Tuesday, May 24, 2011

Components of Self-Management: Self-Reinforcement

Components of Self-Management
4: Self-Reinforcement

In general, self-reinforcement refers to an arrangement in which a student gives himself or herself a reinforcer (reward), contingent on a behavior (Adapted from Goldiamond, 1976). When using a token economy (or point system), the following steps may be used to increase student independence in self-reinforcement (based on Drabman, Spitalnik, & O’Leary, 1973 and Turkewitz, O’Leary, & Ironsmith, 1975 as cited in Alberto & Troutman, 2009).

1. Teachers (or other adults) initially award and record points and give reinforcers (rewards) to the students. Once the student is successful with this step, move to step 2.

2. Students record points on a chart as directed (awarded by) the teacher. In other words, the teacher tells the student when to mark a point on the chart or put a coin in the jar (whatever type of reward system you are using): “Good job working on your assignment, Jennifer! You can put one sticker on your chart.”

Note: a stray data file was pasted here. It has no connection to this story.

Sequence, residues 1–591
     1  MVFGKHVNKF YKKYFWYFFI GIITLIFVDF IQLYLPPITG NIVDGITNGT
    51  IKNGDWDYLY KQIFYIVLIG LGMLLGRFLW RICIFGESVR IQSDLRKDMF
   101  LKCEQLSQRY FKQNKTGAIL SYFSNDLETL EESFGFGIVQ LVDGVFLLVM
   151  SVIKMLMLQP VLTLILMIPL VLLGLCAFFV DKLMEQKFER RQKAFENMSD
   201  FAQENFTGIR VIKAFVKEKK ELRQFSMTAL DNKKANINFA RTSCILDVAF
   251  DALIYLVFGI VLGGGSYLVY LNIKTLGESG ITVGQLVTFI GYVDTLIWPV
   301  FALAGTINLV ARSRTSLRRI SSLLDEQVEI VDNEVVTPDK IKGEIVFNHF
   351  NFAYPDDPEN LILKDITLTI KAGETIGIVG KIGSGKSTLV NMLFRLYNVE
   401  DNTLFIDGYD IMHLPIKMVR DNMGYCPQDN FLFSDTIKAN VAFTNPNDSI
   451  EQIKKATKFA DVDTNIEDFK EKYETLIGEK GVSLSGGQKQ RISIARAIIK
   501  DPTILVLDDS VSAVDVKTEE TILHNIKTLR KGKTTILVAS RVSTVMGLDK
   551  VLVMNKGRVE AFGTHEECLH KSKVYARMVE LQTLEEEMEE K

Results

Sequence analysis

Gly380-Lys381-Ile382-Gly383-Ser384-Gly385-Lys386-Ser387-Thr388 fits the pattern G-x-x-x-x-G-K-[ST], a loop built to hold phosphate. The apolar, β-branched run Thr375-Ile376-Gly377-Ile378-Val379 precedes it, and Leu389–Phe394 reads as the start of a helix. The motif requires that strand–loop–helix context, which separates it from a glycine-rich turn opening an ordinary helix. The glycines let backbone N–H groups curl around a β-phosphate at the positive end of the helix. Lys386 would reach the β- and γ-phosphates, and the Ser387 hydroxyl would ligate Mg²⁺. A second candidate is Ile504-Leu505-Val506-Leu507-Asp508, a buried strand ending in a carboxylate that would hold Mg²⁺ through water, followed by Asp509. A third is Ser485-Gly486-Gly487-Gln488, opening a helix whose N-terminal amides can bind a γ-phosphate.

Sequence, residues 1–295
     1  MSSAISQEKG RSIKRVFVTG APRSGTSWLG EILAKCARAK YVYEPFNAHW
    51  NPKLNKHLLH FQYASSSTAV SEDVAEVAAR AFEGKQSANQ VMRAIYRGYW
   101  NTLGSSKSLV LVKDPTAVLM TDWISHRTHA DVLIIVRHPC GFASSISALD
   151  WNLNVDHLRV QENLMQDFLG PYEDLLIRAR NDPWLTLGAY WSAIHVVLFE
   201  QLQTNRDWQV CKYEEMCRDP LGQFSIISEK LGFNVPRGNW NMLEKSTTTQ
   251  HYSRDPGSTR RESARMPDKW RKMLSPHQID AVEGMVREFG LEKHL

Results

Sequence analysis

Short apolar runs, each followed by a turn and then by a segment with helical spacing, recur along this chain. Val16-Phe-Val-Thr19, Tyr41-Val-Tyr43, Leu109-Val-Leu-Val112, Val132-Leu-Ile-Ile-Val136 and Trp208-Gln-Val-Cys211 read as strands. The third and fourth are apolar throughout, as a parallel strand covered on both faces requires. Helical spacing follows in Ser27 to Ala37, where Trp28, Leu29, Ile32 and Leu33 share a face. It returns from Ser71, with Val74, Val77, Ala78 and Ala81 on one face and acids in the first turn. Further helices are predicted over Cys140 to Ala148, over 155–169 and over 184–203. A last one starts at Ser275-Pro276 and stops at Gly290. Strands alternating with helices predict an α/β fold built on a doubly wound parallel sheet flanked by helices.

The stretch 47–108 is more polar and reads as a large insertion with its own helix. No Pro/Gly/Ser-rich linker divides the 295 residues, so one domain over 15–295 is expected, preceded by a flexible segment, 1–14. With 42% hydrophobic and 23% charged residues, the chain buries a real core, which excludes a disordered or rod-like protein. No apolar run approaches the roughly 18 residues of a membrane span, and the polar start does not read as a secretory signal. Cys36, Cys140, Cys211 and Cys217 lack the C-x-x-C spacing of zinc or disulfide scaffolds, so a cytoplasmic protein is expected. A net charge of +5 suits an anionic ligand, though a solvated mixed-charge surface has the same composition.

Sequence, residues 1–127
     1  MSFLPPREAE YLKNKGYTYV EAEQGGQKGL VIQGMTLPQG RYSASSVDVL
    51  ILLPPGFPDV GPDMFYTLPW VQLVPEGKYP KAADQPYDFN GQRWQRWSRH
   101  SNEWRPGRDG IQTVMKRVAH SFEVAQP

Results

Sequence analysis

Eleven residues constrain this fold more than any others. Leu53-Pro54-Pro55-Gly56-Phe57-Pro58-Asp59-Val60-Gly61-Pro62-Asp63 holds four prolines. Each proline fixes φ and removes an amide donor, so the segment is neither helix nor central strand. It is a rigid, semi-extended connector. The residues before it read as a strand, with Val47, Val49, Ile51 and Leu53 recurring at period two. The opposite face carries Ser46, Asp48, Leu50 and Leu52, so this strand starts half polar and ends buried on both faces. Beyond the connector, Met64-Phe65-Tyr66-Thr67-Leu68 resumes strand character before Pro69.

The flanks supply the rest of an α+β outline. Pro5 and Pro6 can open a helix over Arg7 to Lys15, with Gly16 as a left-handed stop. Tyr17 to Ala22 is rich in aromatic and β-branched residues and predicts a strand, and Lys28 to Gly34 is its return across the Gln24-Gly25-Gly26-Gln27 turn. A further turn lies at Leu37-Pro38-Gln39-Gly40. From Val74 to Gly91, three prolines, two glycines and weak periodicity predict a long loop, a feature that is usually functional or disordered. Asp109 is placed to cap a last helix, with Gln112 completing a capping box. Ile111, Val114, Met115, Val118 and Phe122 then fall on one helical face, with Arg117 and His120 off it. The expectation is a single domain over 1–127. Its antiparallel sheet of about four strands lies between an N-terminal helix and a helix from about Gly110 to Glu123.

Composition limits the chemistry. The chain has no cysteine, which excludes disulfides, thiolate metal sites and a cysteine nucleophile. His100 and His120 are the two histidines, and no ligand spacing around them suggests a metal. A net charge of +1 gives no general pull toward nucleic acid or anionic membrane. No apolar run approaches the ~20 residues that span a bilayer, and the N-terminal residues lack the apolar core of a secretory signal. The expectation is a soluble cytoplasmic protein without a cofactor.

3. Students award points to themselves. Bonus points are earned for matching the teacher’s ratings. In other words, students determine whether they have met a certain criteria (such as a specified number of minutes on-task or a certain number of behaviors completed) and give themselves points accordingly. When enough points are earned, students give themselves a pre-established reward (such as taking a break to draw). Teachers are also keeping track of these points on their own charts, and the two are compared for accuracy.

4.Teacher matching is gradually faded out, and as they become more skilled in using the system, students independently rate and reward their own behavior.


Alberto, P. A., & Troutman, A. C. (2009). Applied behavior analysis for teachers (8th ed.). Columbus, OH: Merrill Prentice Hall.

Goldiamond, I. (1976). Self-reinforcement. Journal of Applied Behavior Analysis 9(4), 509-514.

Koegel, R. L., Koegel, L. K., & Surratt,A. (1992). Language intervention and disruptive behavior in children with autism. Journal of Autism and Developmental Disorders, 22, 141-152.

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